Location: Livestock Issues ResearchTitle: Some aspects of the acute phase immune response to a lipopolysaccharide (LPS) challenge are mitigated by supplementation with a Saccharomyces cerevisiae fermentation product in weaned beef calves
|Carroll, Jeffery - Jeff Carroll|
|EDRINGTON, TOM - Diamond V Mills, Inc|
|YOON, ILKYU - Diamond V Mills, Inc|
|BELKNAP, CRAIG - Diamond V Mills, Inc|
Submitted to: Translational Animal Science
Publication Type: Peer Reviewed Journal
Publication Acceptance Date: 8/14/2020
Publication Date: 8/24/2020
Citation: Sanchez, N.C., Carroll, J.A., Broadway, P.R., Edrington, T., Yoon, I., Belknap, C.R. 2020. Some aspects of the acute phase immune response to a lipopolysaccharide (LPS) challenge are mitigated by supplementation with a Saccharomyces cerevisiae fermentation product in weaned beef calves. Translational Animal Science. txaa156. https://doi.org/10.1093/tas/txaa156.
Interpretive Summary: There continues to be pressure on livestock producers by consumers and federal legislation to reduce and remove antimicrobials from feedstuffs and to produce cattle using more “natural” means, which includes halting the use of synthetic supplements. Thus, viable alternatives to traditional management practices are needed that allow producers to maintain performance and health while helping align with consumer demand. Saccharomyces cerevisiae fermentation products are prebiotics that have been demonstrated to improve cattle performance, but studies on immune function are limited. A study was conducted by scientists from the Livestock Issues Research Unit and Diamond V to determine the effect of a Saccharomyces cerevisiae fermentation product on the immune response to a pathogenic toxin. Data from this study show that the fermentation product was able to stimulate aspects of the immune system, resulting in a reduced inflammatory response to the pathogenic toxin. Thus, this fermentation product may be a viable alternative to improve immunity in calves. This information will be of interest to cattle producers, veterinarians, and scientists interested in the alternatives to antimicrobials.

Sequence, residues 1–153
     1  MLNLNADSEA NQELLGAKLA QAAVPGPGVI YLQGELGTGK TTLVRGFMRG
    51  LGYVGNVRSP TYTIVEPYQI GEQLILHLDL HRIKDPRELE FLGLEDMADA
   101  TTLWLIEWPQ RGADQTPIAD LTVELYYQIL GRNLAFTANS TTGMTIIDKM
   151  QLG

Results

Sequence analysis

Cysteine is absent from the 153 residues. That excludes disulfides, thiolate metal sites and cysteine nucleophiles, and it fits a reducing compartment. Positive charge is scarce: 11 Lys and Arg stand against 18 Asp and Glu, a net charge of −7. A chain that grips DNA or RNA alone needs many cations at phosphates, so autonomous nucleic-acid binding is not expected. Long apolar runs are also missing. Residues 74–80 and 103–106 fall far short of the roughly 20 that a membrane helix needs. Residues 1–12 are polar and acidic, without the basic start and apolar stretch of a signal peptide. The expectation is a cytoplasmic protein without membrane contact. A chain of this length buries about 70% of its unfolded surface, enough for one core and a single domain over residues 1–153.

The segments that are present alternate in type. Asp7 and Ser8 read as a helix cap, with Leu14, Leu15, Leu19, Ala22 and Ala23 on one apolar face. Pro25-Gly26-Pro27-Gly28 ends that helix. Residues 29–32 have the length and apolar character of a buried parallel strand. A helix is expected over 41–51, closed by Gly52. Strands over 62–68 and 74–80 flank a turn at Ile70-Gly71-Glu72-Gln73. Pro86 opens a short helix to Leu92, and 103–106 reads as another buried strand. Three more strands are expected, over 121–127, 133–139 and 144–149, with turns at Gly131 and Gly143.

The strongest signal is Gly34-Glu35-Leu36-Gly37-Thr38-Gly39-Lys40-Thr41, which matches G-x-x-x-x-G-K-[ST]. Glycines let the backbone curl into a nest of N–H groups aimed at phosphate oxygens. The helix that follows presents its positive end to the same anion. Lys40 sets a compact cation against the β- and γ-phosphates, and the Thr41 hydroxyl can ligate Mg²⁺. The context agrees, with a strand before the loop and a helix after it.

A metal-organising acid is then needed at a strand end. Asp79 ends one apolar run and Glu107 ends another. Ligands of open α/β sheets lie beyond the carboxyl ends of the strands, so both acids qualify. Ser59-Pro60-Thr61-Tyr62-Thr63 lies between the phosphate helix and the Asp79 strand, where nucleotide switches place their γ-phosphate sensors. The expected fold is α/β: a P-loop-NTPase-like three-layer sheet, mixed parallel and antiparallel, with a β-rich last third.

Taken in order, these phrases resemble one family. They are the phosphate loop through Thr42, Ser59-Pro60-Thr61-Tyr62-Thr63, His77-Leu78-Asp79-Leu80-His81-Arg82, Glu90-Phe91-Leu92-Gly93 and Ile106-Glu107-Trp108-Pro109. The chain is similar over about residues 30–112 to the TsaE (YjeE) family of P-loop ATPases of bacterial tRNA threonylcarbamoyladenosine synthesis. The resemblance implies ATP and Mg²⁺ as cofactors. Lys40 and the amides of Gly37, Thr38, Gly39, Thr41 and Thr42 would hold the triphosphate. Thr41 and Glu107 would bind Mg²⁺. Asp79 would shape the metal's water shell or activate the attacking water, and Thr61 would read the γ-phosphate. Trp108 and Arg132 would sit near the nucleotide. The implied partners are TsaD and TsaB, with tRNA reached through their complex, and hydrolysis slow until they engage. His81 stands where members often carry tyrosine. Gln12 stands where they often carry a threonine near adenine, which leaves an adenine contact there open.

Technical Abstract: This study was conducted to determine if feeding a Saccharomyces cerevisiae fermentation product (SCFP) to calves would reduce the acute phase response to a lipopolysaccharide (LPS) challenge. Crossbred steer calves (n = 32; 274 ± 2 kg BW) were randomly allotted to two treatment diets for 21 d: 1) Control, fed a standard receiving ration, and 2) SCFP, fed the Control ration supplemented with NaturSafe at 12 g/hd/d mixed into the TMR (NaturSafe®, Diamond V, Cedar Rapids, IA). On d 22, steers were fitted with indwelling jugular catheters and rectal temperature monitoring devices and placed in individual bleeding stalls. On d 23 steers were challenged i.v. with 0.25 µg/kg BW LPS. Blood samples were collected at 0.5-h (serum) or 2-h (complete blood counts) intervals from -2 to 8 h and again at 24 h relative to the LPS challenge at 0 h. Sickness behavior scores (SBS) were recorded after collection of each blood sample. Rectal temperatures were greater in SCFP steers from 6 to 11 h, at 13 h, from 15 to 20 h, and from 22 to 24 h following the LPS challenge compared to Control steers (treatment × time: P = 0.01). Additionally, SCFP-supplemented steers had reduced (P < 0.01) SBS compared to Control steers. Platelet concentrations remained greater in SCFP-supplemented steers compared to Control steers throughout the study (P = 0.05), while there was a tendency (P = 0.09) for SCFP steers to have greater white blood cells and eosinophils than Control steers. There was a treatment × time interaction for serum cortisol and glucose (P < 0.01). Specifically, cortisol was greater at 0.5 and 2 h post-challenge but was reduced at 3 h for SCFP steers compared to Control steers. Glucose was greater in SCFP steers at -0.5, 2, and 7.5 h compared to Control steers. Serum amyloid A was reduced in SCFP steers at 0.5 h, yet greater at 1 and 7.5 h post-challenge compared to Control steers (treatment × time: P < 0.01). Fibrinogen concentrations were greater (P < 0.01) in SCFP compared to Control steers. There was a treatment × time interaction (P < 0.01) for TNF-a such that concentrations were reduced in SCFP steers from 1 to 2 h post-challenge compared to Control steers. Overall these data suggest that supplementing calves with SCFP may have primed the innate immune response prior to the challenge, particularly the immune cell populations, which resulted in an attenuated sickness behavior and the pro-inflammatory cytokine response to LPS.